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January 16, 2013 7:33 pm
The search for chief executives to lead two of Europe’s big frozen foods companies has narrowed after Findus Group poached James Hill, chairman of Unilever’s €1.2bn turnover Italian business.
Findus and its bigger rival Iglo, manufacturer of Birds Eye fish fingers and also owned by private equity, had both been trawling for leaders at difficult times for their respective businesses.
Findus, which freezes products ranging across fish, vegetables, meals and bakery, has written off about £440m following its debt-for-equity swap last year.
Iglo’s chief executive Martin Glenn is stepping down following a failed attempt by owner Permira to sell the company last year.
Lion Capital, which owns Findus, was among the private equity buyers drawn to frozen food by its stable cash flow and reputation for being relatively recession-proof.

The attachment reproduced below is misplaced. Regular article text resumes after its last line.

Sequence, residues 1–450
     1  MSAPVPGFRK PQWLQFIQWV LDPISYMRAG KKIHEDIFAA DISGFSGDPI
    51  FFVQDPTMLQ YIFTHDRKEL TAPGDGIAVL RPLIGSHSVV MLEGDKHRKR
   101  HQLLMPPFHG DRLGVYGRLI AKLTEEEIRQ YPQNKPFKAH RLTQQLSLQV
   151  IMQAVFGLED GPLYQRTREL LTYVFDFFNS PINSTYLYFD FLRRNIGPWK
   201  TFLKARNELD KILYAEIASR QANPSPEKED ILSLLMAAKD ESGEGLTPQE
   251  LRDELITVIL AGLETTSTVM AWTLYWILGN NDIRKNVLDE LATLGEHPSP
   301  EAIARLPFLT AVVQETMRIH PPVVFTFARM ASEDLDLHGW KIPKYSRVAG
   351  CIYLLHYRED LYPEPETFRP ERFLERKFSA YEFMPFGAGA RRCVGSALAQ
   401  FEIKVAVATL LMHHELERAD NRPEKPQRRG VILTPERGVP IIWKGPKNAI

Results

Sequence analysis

It acquired FoodVest, the maker of Findus frozen foods and Young’s seafood products, for £1.1bn from CapVest, a smaller buyout house in mid 2008.
Iglo paid €1.9bn to acquire Unilever businesses in 2006 and added the Italian operations, Findus Italy, in 2010. That was run by Mr Hill in the year pre-disposal, who also headed up Birds Eye Walls for Unilever, the consumer goods conglomerate for four years.
Mr Hill, a 32-year veteran of Unilever, will take up the reins at Findus on April 1. He replaces Chris Britton, who had held the top slot since June 2009 and quit at the end of December.
Although Lion Capital, which has suffered from a number of poor investments in its consumer-oriented portfolio, has held Findus since 2008, Mr Hill said he did not envisage presiding over a sale in the short to medium term.
“The company has just been recapitalised and they have done that because they think the company is undervalued and needs a few years of really good leadership and management to bring it to its full potential,” he said. “So we are not talking about exits but looking to improve the business.”
Findus racked up goodwill and brand impairment losses of £219m in 2011 – when it generated earnings before interest, tax, depreciation and amortisation of £90.4m, down from £117m in 2010. A similar amount is likely to have been erased in 2012. In 2011 it reported an operating loss of £241m, versus a £17m restated profit in 2010.
Strained finances, together with the tough economic climate for food and drink manufacturers in much of western Europe, has prompted speculation that Findus could yet become a takeover target.
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